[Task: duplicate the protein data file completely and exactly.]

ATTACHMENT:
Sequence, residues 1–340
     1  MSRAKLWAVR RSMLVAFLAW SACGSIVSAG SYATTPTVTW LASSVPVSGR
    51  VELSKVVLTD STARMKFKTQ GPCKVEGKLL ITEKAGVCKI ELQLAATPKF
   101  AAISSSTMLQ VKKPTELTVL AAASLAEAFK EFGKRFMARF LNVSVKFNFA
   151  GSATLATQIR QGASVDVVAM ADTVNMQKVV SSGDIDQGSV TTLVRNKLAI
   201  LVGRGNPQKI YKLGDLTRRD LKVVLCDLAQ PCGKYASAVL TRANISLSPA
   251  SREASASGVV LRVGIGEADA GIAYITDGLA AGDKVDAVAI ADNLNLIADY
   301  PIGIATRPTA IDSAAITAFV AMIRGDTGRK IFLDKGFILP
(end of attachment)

Sequence, residues 1–340
     1  MSRAKLWAVR RSMLVAFLAW SACGSIVSAG SYATTPTVTW LASSVPVSGR
    51  VELSKVVLTD STARMKFKTQ GPCKVEGKLL ITEKAGVCKI ELQLAATPKF
   101  AAISSSTMLQ VKKPTELTVL AAASLAEAFK EFGKRFMARF LNVSVKFNFA
   151  GSATLATQIR QGASVDVVAM ADTVNMQKVV SSGDIDQGSV TTLVRNKLAI
   201  LVGRGNPQKI YKLGDLTRRD LKVVLCDLAQ PCGKYASAVL TRANISLSPA
   251  SREASASGVV LRVGIGEADA GIAYITDGLA AGDKVDAVAI ADNLNLIADY
   301  PIGIATRPTA IDSAAITAFV AMIRGDTGRK IFLDKGFILP